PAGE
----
The spread of COVID-19 has been thwarted in most countries through non-pharmaceutical interventions. In particular, the most effective measures in this direction have been the stay-at-home and closure strategies of businesses and schools.
However, population-wide lockdowns are far from being optimal carrying heavy economic consequences. Therefore, there is nowadays a strong interest in designing more efficient restrictions. In this work, starting from a recent kinetic-type model which takes into account the heterogeneity described by the social contact of individuals, we analyze the effects of introducing an optimal control strategy into the system, to limit selectively the mean number of contacts and reduce consequently the number of infected cases. Thanks to a data-driven approach, we show that this new mathematical model permits to assess the effects of the social limitations. Finally, using the model introduced here and starting from the available data, we show the effectivity of the proposed selective measures to dampen the epidemic trends.
We study the application of a recently introduced hierarchical description of traffic flow control by driver-assist vehicles to include lane changing dynamics. Lane-dependent feedback control strategies are implemented at the level of vehicles and the aggregate trends are studied by means of Boltzmann-type equations determining three different hydrodynamics based on the lane switching frequency. System of first order macroscopic equations describing the evolution of densities along the lanes are then consistently determined through a suitable closure strategy. Numerical examples are then presented to illustrate the features of the proposed hierarchical approach.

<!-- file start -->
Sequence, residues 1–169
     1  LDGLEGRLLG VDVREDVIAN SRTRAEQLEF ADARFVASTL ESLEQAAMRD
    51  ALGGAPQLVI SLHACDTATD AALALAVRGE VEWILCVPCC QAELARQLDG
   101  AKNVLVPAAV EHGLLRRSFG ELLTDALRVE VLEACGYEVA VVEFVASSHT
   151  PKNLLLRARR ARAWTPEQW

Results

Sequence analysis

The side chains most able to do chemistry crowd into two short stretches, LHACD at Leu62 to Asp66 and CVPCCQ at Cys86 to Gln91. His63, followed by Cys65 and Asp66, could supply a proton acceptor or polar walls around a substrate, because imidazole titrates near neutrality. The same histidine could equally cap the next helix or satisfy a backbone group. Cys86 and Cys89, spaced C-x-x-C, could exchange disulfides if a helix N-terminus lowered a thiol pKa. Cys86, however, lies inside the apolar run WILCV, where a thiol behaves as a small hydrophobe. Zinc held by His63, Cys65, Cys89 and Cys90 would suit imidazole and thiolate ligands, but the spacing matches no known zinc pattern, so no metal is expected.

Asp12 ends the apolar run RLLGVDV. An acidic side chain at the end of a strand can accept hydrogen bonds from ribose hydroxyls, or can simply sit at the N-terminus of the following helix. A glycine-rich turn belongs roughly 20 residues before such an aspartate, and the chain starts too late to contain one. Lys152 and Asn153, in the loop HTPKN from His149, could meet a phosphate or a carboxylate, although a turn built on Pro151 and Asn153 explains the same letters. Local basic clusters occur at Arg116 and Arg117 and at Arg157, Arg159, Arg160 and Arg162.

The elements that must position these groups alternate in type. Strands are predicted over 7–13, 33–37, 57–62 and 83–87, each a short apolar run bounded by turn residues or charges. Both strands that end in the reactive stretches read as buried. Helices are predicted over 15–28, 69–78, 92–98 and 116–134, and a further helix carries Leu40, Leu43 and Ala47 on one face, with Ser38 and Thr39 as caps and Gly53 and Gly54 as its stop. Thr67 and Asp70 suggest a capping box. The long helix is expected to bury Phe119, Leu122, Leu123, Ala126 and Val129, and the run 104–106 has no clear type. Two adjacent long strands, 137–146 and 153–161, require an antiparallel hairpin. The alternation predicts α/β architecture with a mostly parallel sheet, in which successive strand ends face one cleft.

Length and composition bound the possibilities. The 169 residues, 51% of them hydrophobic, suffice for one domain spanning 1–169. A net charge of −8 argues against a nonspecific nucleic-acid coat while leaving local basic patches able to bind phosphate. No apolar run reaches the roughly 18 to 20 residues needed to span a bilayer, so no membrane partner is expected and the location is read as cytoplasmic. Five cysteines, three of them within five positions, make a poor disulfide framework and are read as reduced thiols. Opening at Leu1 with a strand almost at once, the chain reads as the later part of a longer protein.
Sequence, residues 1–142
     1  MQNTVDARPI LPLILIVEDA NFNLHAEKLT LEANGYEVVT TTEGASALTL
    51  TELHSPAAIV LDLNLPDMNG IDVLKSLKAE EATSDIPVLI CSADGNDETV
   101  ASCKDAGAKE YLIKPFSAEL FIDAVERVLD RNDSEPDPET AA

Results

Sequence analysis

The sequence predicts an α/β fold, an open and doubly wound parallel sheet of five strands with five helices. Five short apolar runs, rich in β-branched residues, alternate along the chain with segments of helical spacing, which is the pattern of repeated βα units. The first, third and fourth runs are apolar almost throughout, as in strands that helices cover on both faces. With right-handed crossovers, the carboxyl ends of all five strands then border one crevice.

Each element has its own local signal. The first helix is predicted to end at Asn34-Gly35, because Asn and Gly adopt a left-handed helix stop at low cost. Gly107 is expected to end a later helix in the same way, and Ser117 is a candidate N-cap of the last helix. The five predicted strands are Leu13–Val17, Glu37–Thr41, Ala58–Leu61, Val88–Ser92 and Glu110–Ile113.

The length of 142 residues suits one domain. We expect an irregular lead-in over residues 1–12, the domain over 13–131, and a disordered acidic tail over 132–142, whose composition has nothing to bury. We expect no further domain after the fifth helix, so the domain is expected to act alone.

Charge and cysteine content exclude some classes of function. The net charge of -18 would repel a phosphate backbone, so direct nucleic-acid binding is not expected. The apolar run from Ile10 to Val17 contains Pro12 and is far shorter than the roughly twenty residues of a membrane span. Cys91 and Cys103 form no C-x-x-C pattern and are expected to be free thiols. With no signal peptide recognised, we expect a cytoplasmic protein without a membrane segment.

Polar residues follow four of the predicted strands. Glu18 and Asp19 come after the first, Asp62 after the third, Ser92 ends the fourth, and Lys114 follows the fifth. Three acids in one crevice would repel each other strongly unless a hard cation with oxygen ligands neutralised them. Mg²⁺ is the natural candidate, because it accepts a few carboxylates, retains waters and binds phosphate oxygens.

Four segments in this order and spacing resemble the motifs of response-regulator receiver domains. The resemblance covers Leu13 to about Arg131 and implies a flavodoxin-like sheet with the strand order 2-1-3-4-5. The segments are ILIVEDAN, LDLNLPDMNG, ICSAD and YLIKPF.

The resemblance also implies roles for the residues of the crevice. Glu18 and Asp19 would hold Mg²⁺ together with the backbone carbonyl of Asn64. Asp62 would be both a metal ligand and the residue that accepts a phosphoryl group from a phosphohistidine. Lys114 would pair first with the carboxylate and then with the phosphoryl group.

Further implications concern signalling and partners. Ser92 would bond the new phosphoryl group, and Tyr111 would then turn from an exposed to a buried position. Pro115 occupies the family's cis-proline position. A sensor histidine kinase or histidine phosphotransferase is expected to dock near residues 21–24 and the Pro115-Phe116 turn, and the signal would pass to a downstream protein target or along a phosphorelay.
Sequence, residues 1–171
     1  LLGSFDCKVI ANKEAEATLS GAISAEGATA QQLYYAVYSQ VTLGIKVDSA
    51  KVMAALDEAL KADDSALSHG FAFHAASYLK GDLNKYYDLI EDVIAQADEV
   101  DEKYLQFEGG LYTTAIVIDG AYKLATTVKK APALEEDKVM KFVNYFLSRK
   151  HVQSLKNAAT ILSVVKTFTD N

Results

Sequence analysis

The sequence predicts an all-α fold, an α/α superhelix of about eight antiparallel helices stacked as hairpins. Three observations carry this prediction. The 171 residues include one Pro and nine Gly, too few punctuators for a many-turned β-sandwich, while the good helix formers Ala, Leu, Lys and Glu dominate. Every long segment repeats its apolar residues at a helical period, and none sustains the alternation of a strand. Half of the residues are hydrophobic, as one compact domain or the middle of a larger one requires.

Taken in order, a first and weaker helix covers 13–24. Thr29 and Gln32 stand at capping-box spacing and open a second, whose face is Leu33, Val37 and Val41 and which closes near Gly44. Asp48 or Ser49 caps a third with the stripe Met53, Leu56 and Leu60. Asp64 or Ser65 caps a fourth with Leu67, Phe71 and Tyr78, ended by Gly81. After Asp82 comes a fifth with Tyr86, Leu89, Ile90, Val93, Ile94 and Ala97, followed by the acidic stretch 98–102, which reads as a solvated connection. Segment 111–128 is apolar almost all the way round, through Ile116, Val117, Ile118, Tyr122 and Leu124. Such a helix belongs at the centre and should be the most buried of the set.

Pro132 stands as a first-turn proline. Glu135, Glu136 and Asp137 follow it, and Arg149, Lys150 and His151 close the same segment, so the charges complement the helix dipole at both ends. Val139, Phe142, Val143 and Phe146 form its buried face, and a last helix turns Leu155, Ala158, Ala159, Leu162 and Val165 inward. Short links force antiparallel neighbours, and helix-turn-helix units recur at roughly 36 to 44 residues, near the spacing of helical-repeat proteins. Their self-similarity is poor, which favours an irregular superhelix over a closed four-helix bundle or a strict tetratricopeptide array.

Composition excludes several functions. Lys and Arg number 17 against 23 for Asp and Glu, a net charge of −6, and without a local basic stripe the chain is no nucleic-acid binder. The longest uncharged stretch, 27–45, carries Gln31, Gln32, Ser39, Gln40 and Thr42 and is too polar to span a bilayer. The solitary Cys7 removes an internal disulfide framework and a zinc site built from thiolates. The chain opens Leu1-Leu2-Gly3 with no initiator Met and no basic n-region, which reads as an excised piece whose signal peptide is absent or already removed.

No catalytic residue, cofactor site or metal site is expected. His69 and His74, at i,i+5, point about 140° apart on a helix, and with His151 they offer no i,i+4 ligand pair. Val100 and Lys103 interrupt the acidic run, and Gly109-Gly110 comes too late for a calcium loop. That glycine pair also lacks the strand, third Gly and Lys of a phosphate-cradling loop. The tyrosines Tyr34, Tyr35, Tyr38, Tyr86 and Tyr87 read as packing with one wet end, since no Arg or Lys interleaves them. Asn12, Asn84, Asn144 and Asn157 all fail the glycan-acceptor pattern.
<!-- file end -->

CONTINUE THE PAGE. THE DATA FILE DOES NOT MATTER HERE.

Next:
The adoption of containment measures to reduce the amplitude of the epidemic peak is a key aspect in tackling the rapid spread of an epidemic. Classical compartmental models must be modified and studied to correctly describe the effects of forced external actions to reduce the impact of the disease. In addition, data are often incomplete and heterogeneous, so a high degree of uncertainty must naturally be incorporated into the models. In this work we address both these aspects, through anoptimal control formulation of the epidemiological model in presence of uncertain data. After the introduction of the optimal control problem, we formulate an instantaneous approximation of the control that allows us to derive new feedback controlled compartmental models capable of describing the epidemic peak reduction. The need for long-term interventions shows that alternative actions based on the social structure of the system can be as effective as the more expensive global strategy. The importance of the timing and intensity of interventions is particularly relevant in the case of uncertain parameters on the actual number of infected people. Simulations related to data from the recent COVID-19 outbreak in Italy are presented and discussed.